North Korea lashed out at the U.S. on Sunday for imposing new sanctions in retaliation for its suspected role in the cyberattack against Sony Pictures, saying the move shows the White House’s “inveterate repugnancy and hostility” toward the nation.
In a statement carried on the state-run Korean Central News Agency, a spokesman for the foreign ministry again denied the nation was behind the attack, largely seen as a response to Sony’s The Interview, a satirical comedy involving a plot to assassinate North Korean dictator Kim Jong Un.
The reclusive nation accused Sony of producing a “disgusting movie openly agitating terrorism against a sovereign state.” It also claimed the U.S. is “kicking off a noisy anti-DPRK campaign, deliberately linking the ‘cyber terror’ with the DPRK,” referring to North Korea’s official name, Democratic People’s Republic of Korea.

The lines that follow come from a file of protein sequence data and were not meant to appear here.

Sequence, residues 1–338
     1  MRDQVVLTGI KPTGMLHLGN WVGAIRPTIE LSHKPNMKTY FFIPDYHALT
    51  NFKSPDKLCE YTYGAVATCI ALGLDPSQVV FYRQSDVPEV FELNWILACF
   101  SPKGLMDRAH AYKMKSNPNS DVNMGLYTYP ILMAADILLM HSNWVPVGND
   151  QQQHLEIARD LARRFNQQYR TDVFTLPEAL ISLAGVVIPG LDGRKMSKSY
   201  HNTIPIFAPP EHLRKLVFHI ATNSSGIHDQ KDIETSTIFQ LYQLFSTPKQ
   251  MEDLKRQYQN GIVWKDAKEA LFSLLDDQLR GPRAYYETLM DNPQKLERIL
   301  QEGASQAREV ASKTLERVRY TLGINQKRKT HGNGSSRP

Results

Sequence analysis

“The U.S. anti-DPRK hostile act … is aimed to save its face and tarnish the image of the DPRK in the international arena at any cost,” the statement said.
Obama signed an executive order Friday for the new sanctions citing “the provocative, destabilizing, and repressive actions and policies of the Government of North Korea, including its destructive, coercive cyber-related actions during November and December 2014.”The new measures come on top of previous sanctions designed to punish North Korea over its nuclear weapons program. Indeed, three of the North Korean entities sanctioned Friday were already on the Treasury Department sanctions list. Ten individuals — including North Korean agents operating in Namibia, Russia, Iran, Syria and China — were added to the list.